Monday, April 02, 2012

March Reading …


March began with book review of short novel by an Anonymous Indian Author. The month had a lot of travel plans for me in the second half which helped my reading; while setting some new personal travelling records (6 flights in 13 days). The reading score may not be high but then it has 3 full length novels along with the usual shorts.

New author this month was an Anonymous one, whose book I reviewed. I could also put the authors of Chicken Soup series book in this category but then they are not really authors, they just compile the stories together. In this case, Mark and Victor have Indian help at hand in the form of the third co-author, Juhi Rai Farmania.

The reading score may not be high but the month was satisfactory. 3 full length novels (all three of different genres) and my regulars of 3I, Sherlock, and Satyajit Ray (missed reading Famous Five this month)!

Best part of the month was reading a Robert Ludlum and Chicken Soup for Soul series book after a long long time.


1. Scammed: Confessions of a Confused Accountant by Anonymous

Stating the month with yet another 'new' author'… err … well he/she is actually Anonymous. This was yet another book I received from for review; so this has already been reviewed in a separate blog post in March. The author chooses to remain anonymous but I hope he continues to write more of such works. This one was pretty good.

The story is about a typical over-worked accountant who waits for his promotion putting in long hours and dedication for years. The life of our depressed accountant takes a sudden and complete U-turn and he becomes the CEO of a new company. The story is pretty interesting thereafter as he goes through the HIGHS and LOWS of life. 


2. The Three Investigators & the Mystery of the Scar-faced Beggar by M V Carrey

Bob unknowingly witnesses a bank robbery while he is helping a blind beggar who had dropped his cup of coins. The beggar also accidently drops a purse and runs away without taking it from Bob. The story advances as the trio gets involved in the investigation of the robbery and things lead into historical and political problems of another country. The mystery man with a scar on the face (the blind beggar) turns out to be a part of that history … and he has been dead for quite some time.

The story moves as more characters get involved and the plot thickens. The pre-climax sequence has all our good guys and gals tied to chairs inside a house waiting for a near death situation as water from a swimming pool threatens to flow into the house as the house (and the swimming pool) begins to slide on the slope of the hill under the influence of a mudslide/landslide. To top it up, the climax has a speed boat chase which ends in a crash.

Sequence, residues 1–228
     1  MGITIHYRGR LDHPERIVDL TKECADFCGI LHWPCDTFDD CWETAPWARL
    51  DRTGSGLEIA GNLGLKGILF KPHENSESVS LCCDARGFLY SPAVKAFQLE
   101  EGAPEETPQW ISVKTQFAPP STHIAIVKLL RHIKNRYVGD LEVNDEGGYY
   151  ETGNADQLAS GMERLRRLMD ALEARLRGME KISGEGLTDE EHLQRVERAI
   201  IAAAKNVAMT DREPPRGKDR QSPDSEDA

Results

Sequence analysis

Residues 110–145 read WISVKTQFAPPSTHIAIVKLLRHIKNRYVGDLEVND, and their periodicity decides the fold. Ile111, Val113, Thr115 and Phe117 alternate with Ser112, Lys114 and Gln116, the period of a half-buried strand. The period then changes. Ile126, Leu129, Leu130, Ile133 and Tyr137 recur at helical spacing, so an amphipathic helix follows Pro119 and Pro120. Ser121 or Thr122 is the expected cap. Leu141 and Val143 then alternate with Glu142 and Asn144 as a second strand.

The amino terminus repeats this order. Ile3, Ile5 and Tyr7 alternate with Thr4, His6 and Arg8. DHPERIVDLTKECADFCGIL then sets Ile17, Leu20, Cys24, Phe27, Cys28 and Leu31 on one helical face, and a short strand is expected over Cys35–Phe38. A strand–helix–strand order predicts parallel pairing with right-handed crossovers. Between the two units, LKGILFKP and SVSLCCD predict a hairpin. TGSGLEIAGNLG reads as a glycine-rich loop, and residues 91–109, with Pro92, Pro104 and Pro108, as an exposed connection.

This story also introduces Hector Sebastian who would be introducing the cases from this story onwards. He is introduced in an interesting manner becoming part of the story (and as usual being a suspect for some time). 


3. Sherlock Holmes: The Adventure of the Three Gables by Sir Arthur Conan Doyle

When someone tries to buy a House … lock, stock and barrel … it becomes an intrigue for the owner and she contacts Sherlock. A little deductions and Sherlock reaches his conclusions and meets the mastermind behind the mystery. He brokers an interesting deal; giving his client a world tour as a gift (from the mastermind) as a compensation for the trouble caused.


4. Bonku Babu's Friend by Satyajit Ray

This one was short story about a Teacher of Geography and Bengali in the Kankurgachchi Primary school in Bengal. He is the butt of jokes of all people around him, not just grown-ups but also kids. He does have some serious self esteem issues and he is taken for granted by  most people. A chance encounter changes everything.


5. Sherlock Holmes: The Adventure of the Sussex Vampire   by Sir Arthur Conan Doyle

Sherlock Holmes is surprised when he receives a request to assist in a case involving a Vampire. He clearly believes that it is not a case of him since supernatural and vampires are beyond his realm of deductions.

But once he hears the details of the case, he realizes that a different game is afoot. This story is yet another example Sherlock Holmes being an 'armchair detective'. He has formed his opinions and reached a conclusion even before leaving his room and going to the client's house.